[acn-l] Invasive Crayfish Discovered in St. Louis Bay

Jay DeLong (thirdwind at att.net)
Tue, 13 Jul 1999 19:48:09 -0700

MN SEA GRANT NEWS RELEASE
DATE: 7/8/99
CONTACT: Doug Jensen

Invasive Crayfish Discovered in St. Louis Bay

Rusty crayfish (Orconectes rusticus) were found for the first time in the
Duluth-Superior harbor at Minnesota Power's M. L. Hibbard Steam Electric
Station near the Bong Bridge on June 25. While inspecting for zebra
mussels, Doug Jensen, exotic species expert for the University of Minnesota
Sea Grant Program, and Eric Skadsberg, Plant Manager, collected four of
these invasive crayfish from the screens that guard the plant's water intake
pipes. "Rusty crayfish are aggressive, displace native crayfish, and can
clear-cut aquatic plant beds," said Jensen. "They can grow quickly, avoid
fish predation, and are known to chase fish from nests then eat the eggs."

Minnesota Sea Grant staff responded by sampling 80 locations throughout the
harbor and up to the Fond du Lac Dam to gauge the extent of the infestation.
Based on the trapping efforts, rusty crayfish are also present near the
Blatnik Bridge. Three native crayfish species were also caught. During the
crayfish survey, Minnesota Sea Grant staff also caught nine species of fish,
of which three (round goby, ruffe, and threespine stickleback) are invasive
exotics.

Selling live crayfish for bait or aquarium use is illegal in Minnesota. Live
crayfish taken from a waterbody can only be used as live bait in that same
waterbody, according to Minnesota Department of Natural Resources
regulations. According to Wisconsin Department of Natural Resources
regulations, crayfish may only be used as live bait in the Mississippi River
and the Great Lakes.

Jensen believes we can prevent or slow the spread of rusty crayfish through
education. He urges everyone not to transport or release crayfish. Boaters
should avoid transporting aquatic plants, drain water from boats and motors,
and discard unwanted bait on land. "Once rusty crayfish gain a foothold
there is no environmentally friendly way to eradicate them," said Jensen.
"Preventing the spread of rusty crayfish and all the other aquatic invaders
from the harbor is an essential part of protecting our inland waters."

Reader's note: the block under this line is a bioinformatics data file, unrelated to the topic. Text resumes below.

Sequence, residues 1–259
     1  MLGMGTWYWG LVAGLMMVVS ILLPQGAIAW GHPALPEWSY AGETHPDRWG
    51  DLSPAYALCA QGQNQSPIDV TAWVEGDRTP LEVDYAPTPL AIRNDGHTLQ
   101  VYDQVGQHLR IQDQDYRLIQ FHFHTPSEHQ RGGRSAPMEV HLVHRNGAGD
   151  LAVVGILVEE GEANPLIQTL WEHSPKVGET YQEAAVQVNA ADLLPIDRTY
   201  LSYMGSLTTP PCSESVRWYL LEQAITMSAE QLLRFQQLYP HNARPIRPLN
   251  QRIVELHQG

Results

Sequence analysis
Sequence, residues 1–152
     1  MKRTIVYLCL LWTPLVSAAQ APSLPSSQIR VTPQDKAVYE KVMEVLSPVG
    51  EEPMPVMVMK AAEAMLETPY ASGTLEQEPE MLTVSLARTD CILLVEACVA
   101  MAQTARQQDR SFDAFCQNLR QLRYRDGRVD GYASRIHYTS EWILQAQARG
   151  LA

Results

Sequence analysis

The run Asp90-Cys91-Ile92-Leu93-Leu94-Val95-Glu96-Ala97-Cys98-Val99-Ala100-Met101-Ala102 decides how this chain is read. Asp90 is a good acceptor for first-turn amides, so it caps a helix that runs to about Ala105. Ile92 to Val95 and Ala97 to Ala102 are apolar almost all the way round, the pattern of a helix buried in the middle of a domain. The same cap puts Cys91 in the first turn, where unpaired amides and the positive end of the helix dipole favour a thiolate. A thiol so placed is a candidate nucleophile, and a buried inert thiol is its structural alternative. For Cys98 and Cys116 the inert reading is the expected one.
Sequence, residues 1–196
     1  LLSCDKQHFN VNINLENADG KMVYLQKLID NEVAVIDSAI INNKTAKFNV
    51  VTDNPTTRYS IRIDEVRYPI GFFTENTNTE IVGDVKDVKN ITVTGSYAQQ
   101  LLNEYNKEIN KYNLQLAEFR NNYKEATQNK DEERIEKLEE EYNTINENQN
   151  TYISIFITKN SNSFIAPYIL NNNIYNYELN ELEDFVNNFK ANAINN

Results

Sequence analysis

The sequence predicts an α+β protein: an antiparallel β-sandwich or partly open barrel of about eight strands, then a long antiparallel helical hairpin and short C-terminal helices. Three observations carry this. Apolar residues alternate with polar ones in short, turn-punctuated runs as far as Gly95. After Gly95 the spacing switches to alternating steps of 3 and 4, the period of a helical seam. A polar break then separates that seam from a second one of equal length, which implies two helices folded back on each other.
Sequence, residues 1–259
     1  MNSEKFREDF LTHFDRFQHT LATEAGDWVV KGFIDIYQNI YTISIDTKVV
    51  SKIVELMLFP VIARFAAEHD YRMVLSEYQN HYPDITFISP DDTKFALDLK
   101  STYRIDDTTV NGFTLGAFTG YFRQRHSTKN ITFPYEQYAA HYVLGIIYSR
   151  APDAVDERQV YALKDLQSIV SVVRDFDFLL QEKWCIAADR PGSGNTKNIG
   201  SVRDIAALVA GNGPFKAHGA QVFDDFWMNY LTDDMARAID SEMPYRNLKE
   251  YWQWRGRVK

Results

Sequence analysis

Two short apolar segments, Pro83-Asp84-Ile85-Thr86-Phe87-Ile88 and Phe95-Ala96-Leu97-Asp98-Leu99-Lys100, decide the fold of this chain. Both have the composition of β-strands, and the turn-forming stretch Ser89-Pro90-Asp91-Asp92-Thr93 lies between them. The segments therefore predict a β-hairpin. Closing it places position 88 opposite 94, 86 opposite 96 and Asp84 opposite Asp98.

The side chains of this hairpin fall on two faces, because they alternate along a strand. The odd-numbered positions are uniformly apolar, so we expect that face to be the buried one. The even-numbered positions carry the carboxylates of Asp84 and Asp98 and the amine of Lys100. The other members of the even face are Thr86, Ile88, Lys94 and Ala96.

Rusty crayfish have been found in at least 41 lakes and rivers in Minnesota.
In the Arrowhead region, they have been found in 15 locations in St. Louis
County including: Bass Lake, Birch Lake, Eagles Nest 1, 2, 3, 4, East
Vermilion, Esquagama Lake, Little Long Lake, Rock Pond, Shagawa Lake,
Shagawa River, Spring Lake and Vermilion Lake. They have been reported from
eight locations in Lake County including: Basswood Lake, Fall Lake, Moose
Lake, Newfound Lake, Newton Lake, Skull Lake, Sucker Lake, and Triangle
Lake. In Cook County, they have been found in the Pigeon River and Lake
Superior.

Rusty crayfish are native to the Ohio River Basin. This pest may have
spread to Minnesota through ballast water discharge, live bait use by
non-resident anglers, and releases by students or teachers after studying
crayfish purchased from a biological supply house.

A fact sheet describing biology and impacts of rusty crayfish is available
from Minnesota Sea Grant. For a free copy of Rusty Crayfish: A Nasty
Invader contact Minnesota Sea Grant at 218/729-6191 or visit our Web site at
www.d.umn.edu/seagr/. For more information contact Doug Jensen, Exotic
Species Information Center Coordinator, at 218/726-8712 or
djensen1 at d.umn.edu.

Minnesota Sea Grant is a federally and state funded program that supports
research and public education programs related to Lake Superior and
Minnesota's inland waters.

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**************************
Mark D. Sytsma
Environmental Biology Dept.
Portland State University
Portland OR 97207-0751

Voice: 503-725-3833
Fax: 503-725-3888

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